In a fluid global security environment such as ours, assessing the costs, risks, and likely consequences of alternative national defense strategies is as hard as it is essential. The “Global War on Terror,” for example, has cost as much as $800 billion more than was first projected. Too often, strategies are chosen without disciplined analysis in response to external events and under pressures of time and politics. The authors show how, even in the face of uncertainty, the costs and other implications of any strategy can be assessed by examining the capabilities needed by U.S. combatant commands — the chief agents of strategy — to fulfill what the strategy expects of them. They then demonstrate how such “outside-in” strategy assessment can be integrated with “inside-out” analysis of how core national strengths can best be exploited in national defense.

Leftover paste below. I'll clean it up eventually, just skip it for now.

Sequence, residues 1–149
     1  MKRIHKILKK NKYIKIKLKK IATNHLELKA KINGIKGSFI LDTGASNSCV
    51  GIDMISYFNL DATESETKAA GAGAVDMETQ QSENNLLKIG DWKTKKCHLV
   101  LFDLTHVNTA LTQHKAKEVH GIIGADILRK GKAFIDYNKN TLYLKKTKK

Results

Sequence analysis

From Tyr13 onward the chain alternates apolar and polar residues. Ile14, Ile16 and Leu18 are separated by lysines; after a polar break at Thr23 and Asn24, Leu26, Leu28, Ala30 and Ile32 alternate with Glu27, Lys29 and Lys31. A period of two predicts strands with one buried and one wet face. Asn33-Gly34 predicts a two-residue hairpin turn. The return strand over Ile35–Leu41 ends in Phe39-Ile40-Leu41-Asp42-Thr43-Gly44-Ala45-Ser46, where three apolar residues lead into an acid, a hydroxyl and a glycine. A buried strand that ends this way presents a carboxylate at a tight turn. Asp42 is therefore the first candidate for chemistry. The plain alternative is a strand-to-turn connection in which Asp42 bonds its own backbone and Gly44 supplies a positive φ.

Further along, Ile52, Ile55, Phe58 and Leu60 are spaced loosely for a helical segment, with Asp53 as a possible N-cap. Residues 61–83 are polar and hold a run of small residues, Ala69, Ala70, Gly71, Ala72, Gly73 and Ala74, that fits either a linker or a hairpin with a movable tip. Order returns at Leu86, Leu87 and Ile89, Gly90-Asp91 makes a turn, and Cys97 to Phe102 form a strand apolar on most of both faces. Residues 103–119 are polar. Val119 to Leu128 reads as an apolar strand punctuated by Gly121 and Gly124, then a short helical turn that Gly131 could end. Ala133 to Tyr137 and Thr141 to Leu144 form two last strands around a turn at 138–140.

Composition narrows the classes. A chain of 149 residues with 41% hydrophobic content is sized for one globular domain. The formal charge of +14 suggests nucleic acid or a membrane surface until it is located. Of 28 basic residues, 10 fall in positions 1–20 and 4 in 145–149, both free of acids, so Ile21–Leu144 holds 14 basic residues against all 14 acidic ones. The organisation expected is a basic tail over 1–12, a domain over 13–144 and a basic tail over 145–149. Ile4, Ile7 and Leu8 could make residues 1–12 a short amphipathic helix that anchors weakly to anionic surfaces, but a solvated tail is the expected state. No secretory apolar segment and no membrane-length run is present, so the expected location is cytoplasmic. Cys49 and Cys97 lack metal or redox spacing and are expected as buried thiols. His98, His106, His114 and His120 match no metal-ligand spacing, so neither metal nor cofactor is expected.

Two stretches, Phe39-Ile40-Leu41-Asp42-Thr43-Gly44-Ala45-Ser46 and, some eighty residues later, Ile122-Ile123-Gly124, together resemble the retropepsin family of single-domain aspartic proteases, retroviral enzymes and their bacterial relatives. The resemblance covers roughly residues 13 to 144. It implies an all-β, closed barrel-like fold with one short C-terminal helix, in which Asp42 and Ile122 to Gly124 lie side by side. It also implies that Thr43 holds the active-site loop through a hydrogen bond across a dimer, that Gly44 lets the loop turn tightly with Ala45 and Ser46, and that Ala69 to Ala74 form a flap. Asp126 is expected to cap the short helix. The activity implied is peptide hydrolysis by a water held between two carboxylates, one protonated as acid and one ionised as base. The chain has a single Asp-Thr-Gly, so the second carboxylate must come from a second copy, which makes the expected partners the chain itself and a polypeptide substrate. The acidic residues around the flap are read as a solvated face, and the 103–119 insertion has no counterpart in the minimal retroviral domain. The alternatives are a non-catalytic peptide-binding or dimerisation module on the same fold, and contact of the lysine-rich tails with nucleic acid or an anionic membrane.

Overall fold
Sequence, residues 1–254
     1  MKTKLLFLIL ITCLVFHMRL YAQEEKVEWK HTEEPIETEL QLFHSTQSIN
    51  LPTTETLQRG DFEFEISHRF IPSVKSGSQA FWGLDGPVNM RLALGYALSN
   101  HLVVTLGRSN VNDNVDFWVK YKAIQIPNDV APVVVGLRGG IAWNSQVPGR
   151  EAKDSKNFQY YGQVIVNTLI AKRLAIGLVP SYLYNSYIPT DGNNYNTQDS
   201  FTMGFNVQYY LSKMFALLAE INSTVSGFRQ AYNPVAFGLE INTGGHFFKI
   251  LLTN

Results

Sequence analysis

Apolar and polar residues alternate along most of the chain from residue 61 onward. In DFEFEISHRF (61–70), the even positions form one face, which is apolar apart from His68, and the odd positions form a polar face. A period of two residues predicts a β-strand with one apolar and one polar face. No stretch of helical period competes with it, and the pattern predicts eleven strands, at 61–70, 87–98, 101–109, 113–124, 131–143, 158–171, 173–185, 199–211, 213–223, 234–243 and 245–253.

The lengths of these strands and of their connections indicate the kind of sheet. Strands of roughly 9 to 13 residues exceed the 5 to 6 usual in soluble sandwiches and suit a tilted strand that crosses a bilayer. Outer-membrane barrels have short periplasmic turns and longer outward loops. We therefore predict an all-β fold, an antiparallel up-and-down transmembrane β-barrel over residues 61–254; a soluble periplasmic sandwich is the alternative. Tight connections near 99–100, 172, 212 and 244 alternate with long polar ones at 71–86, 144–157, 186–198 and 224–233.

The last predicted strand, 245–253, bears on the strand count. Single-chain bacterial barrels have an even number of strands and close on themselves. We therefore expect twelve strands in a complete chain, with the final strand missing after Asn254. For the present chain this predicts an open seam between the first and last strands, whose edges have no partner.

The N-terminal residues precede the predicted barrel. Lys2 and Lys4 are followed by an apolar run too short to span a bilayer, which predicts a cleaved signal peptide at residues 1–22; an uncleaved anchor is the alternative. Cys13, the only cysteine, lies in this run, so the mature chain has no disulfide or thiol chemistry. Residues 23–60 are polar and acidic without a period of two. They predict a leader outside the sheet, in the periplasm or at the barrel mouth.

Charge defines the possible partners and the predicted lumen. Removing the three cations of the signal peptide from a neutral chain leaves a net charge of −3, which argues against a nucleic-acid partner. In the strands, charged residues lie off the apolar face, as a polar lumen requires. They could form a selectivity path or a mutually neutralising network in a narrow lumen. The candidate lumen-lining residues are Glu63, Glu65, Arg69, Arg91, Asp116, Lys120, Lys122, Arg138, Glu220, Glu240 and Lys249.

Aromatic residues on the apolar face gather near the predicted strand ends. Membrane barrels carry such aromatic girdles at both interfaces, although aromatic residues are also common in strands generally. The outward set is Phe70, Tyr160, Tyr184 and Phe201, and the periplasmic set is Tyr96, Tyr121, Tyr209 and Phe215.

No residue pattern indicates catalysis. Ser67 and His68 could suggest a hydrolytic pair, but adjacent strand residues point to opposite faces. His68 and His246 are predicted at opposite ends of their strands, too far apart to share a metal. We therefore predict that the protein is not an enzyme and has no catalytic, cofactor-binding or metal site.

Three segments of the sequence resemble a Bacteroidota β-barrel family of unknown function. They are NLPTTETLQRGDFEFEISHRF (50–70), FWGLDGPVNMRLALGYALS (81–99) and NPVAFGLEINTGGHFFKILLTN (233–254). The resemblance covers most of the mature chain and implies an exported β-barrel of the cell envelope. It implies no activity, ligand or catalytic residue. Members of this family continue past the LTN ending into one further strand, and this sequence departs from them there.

Table of Contents
The Operating-Unit Perspective
Illustrating and Analyzing Strategy
Basing Strategy on Core Strengths
The research described in this report was sponsored by the Joint Staff. The research was conducted in the RAND National Defense Research Institute, a federally funded research and development center sponsored by the Office of the Secretary of Defense, the Joint Staff, the Unified Combatant Commands, the Department of the Navy, the Marine Corps, the defense agencies, and the defense Intelligence Community.
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